Sour, Bitter, and Sweet

Candace sits in an airplane seat.

Saul and Meredith sit in front of her and to the left. Saul is wearing a thin grim suit. Meredith’s in the absurd lemon-colored dress of an unlucky bridesmaid.

Probably terrorists, Candace thinks.

“Does your conscience ever trouble you?” Meredith asks.

Saul looks at her.

“No,” he says. “No. Not my conscience.”

There’s a slim yellow band connecting their wrists. Candace realizes, with a shock, that Saul and Meredith are handcuffed together.

“I do what I have to do,” says Saul.

Candace pushes on the stewardess button. Nothing happens.

“In what sense?” Meredith asks.

“I’m a registered possession of Grove 31,” Saul says. “If they tell me I must capture you, then I must capture you. If they tell me I must kill everyone on this plane, then I must kill everyone on this plane. So it’s not a matter of conscience.”

“What, then?”

“Futility,” says Saul.

“Ah,” says Meredith.

“My masters are a passing breed,” says Saul. “Their time will end.”

Candace cannot get up and tell anyone about this conversation. The “fasten seat belts” sign is on. So she looks at the stewardess button. She figures out that it’s attached to a power cord. The power cord isn’t plugged in. She looks at it helplessly. This design is not ergonomic, she thinks, in tones of bitter complaint.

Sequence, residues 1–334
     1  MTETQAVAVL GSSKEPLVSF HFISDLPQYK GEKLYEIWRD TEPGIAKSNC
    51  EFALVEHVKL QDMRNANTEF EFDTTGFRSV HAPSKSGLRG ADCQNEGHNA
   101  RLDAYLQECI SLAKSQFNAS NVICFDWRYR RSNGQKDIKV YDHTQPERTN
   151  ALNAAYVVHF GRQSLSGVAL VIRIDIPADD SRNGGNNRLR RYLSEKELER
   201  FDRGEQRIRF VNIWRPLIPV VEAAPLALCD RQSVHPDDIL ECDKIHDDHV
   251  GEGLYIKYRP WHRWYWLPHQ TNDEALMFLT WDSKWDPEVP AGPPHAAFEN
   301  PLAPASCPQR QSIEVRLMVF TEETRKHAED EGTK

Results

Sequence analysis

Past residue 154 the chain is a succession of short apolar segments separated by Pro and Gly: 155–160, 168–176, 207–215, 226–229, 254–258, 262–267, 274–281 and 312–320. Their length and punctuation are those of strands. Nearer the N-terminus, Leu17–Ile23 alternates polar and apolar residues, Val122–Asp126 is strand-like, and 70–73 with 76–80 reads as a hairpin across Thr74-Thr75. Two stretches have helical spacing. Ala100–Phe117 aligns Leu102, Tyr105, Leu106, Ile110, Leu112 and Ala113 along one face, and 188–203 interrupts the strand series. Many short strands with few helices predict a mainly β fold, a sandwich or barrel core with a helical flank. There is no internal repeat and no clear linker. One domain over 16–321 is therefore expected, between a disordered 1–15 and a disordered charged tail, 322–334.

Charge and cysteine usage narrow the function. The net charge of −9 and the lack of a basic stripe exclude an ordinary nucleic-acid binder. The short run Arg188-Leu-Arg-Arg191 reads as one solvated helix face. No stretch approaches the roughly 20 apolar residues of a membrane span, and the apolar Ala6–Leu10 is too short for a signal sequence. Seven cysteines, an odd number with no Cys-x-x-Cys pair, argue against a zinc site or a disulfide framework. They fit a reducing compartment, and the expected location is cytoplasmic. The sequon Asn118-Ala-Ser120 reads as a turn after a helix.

“I can help you,” Meredith says, to Saul. “I can free you.”

“When a man is a registered possession of a Grove,” Saul says, “they take his power to resist.”

Saul pulls out his carryon bag. He fumbles out a small electric juicer. There are bits of lemon and brain in it.

“They use this,” he explains.

“Oh,” Meredith says, in tones of sorrow.

“I’m not capable of wanting your help. I’m only capable of serving and of sighing.”

Candace studies the power cord in growing frustration. She clears her throat. “Excuse me,” she says.

Saul looks back at her.

“Excuse me,” Candace says. “Does anyone know where to plug this in?”

“Of course,” says Saul, smoothly. “There’s a plug on the other side of your seat.”

“Don’t listen to him,” says Meredith.

“What?” says Candace.

“He’s plotting the doom of everyone on the flight. Don’t listen to him.”

Candace checks. There’s a plug on the other side of the seat. He was telling the truth! . . . Now I don’t know whose side he’s really on.

“I wish you could have known the Groves of the future,” Meredith tells Saul. “They don’t compel.”